What happens after a debtor wins an exemption hearing for a writ of garnishment?

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What happens after a debtor wins an exemption hearing for a writ of garnishment?

After receiving a writ of garnishment and having my bank account frozen, I filed an exemption form because my only income is a life insurance annuity resulting from a personal injury claim. I had an exemption hearing today and the writ was dissolved, with the only question the judge asked me being how much money I had in my account (less than zero). Does this mean that the creditor can come after me again the next time I have money in my account, or that they can try to take my assets, or is this debt forever resolved now that I won the exemption hearing?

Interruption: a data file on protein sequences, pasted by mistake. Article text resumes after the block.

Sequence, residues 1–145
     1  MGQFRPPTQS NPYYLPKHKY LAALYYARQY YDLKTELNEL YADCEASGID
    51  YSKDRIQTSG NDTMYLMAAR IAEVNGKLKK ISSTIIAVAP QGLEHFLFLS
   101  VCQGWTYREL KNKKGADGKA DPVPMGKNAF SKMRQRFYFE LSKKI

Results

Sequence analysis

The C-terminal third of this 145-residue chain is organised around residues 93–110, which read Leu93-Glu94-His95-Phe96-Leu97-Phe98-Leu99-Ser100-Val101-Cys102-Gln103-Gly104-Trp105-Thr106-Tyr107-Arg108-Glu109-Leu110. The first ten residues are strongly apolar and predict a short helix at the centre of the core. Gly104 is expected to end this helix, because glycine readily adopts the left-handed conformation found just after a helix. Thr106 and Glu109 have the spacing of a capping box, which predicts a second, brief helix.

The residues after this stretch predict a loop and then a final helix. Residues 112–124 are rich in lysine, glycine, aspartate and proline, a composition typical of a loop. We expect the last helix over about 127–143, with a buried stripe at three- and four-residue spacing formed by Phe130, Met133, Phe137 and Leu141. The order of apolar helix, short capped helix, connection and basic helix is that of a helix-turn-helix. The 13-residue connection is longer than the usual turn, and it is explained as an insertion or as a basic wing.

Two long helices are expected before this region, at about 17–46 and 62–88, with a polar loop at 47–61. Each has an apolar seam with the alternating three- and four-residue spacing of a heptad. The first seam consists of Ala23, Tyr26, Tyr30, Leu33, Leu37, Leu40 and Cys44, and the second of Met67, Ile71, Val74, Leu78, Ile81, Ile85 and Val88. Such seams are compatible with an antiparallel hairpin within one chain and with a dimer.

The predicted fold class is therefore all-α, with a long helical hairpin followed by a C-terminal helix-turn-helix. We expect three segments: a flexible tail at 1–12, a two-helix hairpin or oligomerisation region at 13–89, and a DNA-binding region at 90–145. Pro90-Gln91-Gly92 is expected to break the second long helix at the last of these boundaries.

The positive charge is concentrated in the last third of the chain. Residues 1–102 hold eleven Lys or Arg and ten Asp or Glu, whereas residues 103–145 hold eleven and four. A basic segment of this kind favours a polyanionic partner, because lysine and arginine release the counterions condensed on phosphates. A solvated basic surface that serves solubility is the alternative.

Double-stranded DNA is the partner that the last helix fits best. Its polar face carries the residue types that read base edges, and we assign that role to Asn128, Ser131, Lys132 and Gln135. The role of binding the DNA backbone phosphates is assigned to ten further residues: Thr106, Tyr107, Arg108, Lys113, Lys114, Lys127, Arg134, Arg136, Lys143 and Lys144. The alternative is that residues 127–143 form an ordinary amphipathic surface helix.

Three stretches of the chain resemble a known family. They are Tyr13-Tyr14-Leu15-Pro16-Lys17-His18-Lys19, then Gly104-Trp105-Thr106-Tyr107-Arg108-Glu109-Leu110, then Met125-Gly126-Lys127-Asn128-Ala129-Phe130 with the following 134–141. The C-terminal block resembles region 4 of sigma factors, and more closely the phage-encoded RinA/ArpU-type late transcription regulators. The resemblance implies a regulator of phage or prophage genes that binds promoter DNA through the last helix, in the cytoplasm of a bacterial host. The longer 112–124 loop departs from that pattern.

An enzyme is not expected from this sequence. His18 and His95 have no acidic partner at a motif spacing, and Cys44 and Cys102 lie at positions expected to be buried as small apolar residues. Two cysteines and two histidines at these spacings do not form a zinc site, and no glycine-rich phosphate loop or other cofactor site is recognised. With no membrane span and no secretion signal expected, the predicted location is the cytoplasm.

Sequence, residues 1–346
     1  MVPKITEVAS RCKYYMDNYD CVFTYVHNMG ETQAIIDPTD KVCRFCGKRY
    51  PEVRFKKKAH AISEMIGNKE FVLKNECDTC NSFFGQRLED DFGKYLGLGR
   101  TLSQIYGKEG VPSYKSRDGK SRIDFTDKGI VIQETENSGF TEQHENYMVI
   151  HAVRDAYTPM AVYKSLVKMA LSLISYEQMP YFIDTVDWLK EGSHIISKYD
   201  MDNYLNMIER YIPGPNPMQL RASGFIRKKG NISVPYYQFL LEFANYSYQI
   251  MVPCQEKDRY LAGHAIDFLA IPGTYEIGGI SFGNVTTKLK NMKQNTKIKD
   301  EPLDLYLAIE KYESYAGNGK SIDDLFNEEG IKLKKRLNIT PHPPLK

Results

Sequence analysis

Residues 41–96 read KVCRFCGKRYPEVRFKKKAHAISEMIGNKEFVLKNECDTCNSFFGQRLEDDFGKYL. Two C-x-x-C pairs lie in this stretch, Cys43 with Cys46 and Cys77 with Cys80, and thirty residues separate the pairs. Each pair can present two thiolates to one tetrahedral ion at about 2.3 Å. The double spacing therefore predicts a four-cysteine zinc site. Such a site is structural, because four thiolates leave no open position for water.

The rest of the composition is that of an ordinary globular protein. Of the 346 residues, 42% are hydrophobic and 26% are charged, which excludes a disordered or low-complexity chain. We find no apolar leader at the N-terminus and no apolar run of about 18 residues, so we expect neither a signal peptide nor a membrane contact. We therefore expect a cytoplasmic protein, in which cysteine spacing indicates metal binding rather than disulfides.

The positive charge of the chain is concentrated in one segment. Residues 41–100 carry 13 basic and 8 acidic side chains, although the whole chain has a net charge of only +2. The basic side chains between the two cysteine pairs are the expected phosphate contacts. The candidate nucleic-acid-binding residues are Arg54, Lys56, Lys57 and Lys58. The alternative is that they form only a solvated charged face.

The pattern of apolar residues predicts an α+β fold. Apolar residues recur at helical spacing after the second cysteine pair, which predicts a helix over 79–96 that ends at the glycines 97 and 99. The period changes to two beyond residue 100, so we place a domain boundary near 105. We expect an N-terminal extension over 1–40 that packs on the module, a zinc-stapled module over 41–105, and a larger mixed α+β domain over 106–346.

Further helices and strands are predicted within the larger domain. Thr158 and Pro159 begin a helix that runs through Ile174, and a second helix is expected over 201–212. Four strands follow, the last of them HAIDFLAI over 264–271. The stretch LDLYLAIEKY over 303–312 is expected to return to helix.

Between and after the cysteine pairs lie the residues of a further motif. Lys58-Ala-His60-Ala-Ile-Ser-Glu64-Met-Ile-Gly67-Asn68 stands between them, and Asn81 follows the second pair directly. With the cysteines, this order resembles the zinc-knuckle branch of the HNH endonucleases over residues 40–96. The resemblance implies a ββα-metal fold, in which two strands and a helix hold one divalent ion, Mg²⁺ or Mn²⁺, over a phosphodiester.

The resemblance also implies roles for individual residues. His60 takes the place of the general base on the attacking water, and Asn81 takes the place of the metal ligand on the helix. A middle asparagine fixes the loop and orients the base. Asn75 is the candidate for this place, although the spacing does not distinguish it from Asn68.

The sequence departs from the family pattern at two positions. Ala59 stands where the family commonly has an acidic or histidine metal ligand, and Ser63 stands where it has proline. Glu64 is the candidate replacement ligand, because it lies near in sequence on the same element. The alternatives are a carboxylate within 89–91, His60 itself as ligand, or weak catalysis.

Asked on May 2, 2011 under Bankruptcy Law, Florida

Answers:

SJZ, Member, New York Bar / FreeAdvice Contributing Attorney

Answered 10 years ago | Contributor

You won a skirmish, not the war. The fact that your life insurance annuity income is exempt from garnishment does not mean that the debt is gone or that the creditor may not have other recourse. For example, if you should have non-exempt income (e.g. win the lottery; inherit something; given a gift; get a paying job; rent out a room in your home; etc.), the creditor can go after that money. Or the creditor can seek to execute on certain of your assets (if you have any), like a second home (FL's homestead exemption ought to protect your primary residence), motor vehicles, a brokerage account (if you had one), etc. To the extent that all you have is the annuity income, you should be in good shape from what you write; but other income or assets are potentially vulnerable.


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